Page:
Under the Equalities Act 2010 (which applies to all schools across the UK) schools are required to provide education suitable for the child's particular needs.  But of course it is up to each school and its staff to decide what the needs of each child are – taking into account any professional reports that are available.  There are some details of the Equalities Act and its provisions here.

 

In terms of professional reports as to a child or teenager’s likelihood of having dyslexia the only people who can say definitively if this is the case are educational psychologists who specialise in dyslexia. 

 

Such professionals are invariably registered with the British Psychological Society or the Association of Educational Psychologists who can supply details of their members who specialise in this field of work.  The cost of a diagnosis will vary but may be around £300.

 

After such a test being undertaken a report will be issued and this is as close as possible to being a definitive statement on dyslexia; however it is important to realise that this is a diagnosis – it is not a prescription for what to do to help the individual.

 

An alternative, less definitive but also less expensive approach is to use an on-line test such as that run by the Dyslexia Centre.   Because this is taken on-line and thus is not personally overseen by an educational psychologist this is not as accurate as a one-to-one test but it still can be helpful.  And because it is conducted on line it is much less expensive than a one-to-one test and full professional diagnosis.

 

What's more, if the test finds that dyslexia is present, the Dyslexia Centre provides teaching materials that can be used either by the school or the parent or indeed by any adult who can work with the child and who has a normal grasp of maths.

 

If you work in a school and wish to use the test there are details here.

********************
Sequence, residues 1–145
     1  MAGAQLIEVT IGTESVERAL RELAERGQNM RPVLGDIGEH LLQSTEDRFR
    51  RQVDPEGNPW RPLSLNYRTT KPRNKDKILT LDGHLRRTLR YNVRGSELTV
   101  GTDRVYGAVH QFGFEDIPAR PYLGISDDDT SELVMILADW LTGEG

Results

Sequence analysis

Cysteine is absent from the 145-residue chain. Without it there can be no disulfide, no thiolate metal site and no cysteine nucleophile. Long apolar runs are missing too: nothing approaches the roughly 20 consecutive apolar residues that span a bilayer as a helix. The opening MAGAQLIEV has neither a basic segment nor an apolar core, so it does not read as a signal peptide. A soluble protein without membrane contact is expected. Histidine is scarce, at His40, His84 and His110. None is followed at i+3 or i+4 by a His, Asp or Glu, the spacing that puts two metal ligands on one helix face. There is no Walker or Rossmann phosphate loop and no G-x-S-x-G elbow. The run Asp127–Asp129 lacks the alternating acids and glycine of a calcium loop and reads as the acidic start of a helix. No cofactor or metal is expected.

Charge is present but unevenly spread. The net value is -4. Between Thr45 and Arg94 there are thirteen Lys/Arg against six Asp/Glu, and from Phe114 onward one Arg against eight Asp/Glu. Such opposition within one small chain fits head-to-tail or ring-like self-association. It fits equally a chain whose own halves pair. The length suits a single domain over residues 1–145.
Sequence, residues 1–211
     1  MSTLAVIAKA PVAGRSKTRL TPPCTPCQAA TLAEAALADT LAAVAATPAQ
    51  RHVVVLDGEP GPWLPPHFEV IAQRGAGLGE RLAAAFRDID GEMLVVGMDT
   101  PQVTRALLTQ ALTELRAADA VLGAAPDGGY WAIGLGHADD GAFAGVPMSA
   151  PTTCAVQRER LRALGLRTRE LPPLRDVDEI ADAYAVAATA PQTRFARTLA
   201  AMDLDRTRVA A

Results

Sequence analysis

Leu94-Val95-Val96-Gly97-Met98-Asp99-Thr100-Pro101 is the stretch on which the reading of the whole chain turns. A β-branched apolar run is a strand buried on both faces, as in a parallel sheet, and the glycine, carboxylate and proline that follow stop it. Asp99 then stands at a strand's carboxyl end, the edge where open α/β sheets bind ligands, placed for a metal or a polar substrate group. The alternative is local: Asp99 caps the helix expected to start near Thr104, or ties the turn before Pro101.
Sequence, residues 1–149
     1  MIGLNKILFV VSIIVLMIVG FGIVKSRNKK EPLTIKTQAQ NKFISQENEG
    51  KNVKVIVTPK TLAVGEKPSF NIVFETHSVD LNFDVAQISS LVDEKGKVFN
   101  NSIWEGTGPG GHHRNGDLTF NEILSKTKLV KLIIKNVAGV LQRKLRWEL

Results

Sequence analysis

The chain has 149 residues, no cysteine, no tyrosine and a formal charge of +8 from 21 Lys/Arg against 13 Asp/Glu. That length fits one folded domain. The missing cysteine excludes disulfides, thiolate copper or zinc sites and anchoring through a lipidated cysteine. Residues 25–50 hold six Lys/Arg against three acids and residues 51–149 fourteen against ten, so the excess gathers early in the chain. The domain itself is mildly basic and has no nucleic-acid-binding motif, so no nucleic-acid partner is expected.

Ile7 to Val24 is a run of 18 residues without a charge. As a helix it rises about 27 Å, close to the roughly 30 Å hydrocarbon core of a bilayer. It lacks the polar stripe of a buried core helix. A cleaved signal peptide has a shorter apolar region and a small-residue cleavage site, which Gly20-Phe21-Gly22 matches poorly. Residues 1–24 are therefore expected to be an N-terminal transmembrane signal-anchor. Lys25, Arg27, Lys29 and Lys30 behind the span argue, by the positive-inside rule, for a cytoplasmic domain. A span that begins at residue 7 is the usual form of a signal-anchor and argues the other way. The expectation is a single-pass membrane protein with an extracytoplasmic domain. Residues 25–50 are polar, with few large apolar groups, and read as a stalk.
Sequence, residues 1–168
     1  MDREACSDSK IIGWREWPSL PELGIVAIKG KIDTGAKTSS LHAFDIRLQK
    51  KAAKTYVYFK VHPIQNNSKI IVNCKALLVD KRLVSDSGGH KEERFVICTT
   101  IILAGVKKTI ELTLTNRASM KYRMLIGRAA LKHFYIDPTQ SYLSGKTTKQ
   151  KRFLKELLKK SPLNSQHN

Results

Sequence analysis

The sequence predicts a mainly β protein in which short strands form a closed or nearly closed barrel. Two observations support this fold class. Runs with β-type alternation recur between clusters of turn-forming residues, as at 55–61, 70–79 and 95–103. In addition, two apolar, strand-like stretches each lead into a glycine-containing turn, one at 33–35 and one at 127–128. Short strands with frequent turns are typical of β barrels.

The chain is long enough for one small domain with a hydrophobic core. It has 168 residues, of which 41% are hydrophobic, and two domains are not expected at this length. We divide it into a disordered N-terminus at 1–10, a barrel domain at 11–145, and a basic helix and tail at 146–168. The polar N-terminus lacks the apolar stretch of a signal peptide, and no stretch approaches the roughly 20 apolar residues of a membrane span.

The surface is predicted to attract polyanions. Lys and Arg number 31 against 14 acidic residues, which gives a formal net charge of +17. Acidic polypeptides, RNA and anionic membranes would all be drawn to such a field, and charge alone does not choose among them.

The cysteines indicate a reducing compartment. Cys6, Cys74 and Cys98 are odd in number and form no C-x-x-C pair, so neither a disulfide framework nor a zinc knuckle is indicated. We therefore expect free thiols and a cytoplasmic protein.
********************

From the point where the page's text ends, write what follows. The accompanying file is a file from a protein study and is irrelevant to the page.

If you are a parent concerned about a child, or an adult who wishes to know if you perhaps have dyslexia there are details here.  

 

The theory behind a multi-sensory approach to learning suggests that by giving pupils information via different senses, the learning becomes more deeply imbedded in the brain and is then easier to access and use.

 

So we might contrast learning by reading an instruction book, with learning which involves reading, speaking, touching, hearing, and (less commonly) smelling and taste. In addition, in some situations movement can be used to help learn the spelling of the word.

 

Pupils might therefore say a word, read the word, write the word, and then take wooden or plastic letters and spell out the word.  And because of this approach of using different senses together, the learning is more likely to remain in the brain.

 

There is limited scientific evidence to back up this claim, but this is largely because children who fail to learn at the speed anticipated, given their age and their intellectual ability, are not normally available for experimentation!

 

Instead much of our understanding of the effectiveness of a multi-sensory approach comes from reports of children who have not been able to read and who make much more rapid progress once they are exposed to a multi-sensory system of teaching and learning.

 

However, it should also be recognised that in using a multi-sensory system there is an inevitable side effect; that is that the teaching process is slowed down.  This too might be having a major impact on the child’s learning ability. 

 

If, for example, one is teaching the spelling of words in a way that involves the pupil spelling out a word using plastic letters, this will take the child time and involve a certain amount of thinking.  If on the other hand the child is asked to write a word down, the child will probably go straight for the task and write the letters.

 

That is not to say that the child thinks more about the spelling of the word when using plastic letters, but that the whole process takes longer and gives the child more chance to assimilate the knowledge.  What’s more, if the child has got the spelling wrong, the letters can be rearranged physically to give the correct spelling.

 

It may therefore be the fact that in a multi-sensory approach an activity such as spelling is slowed down and the child is forced to think more about the spelling, that can bring about an improvement in spelling.

 

What’s more, if one is teaching spellings using physical letters, far fewer words are going to be attempted in one lesson – which again can help the child.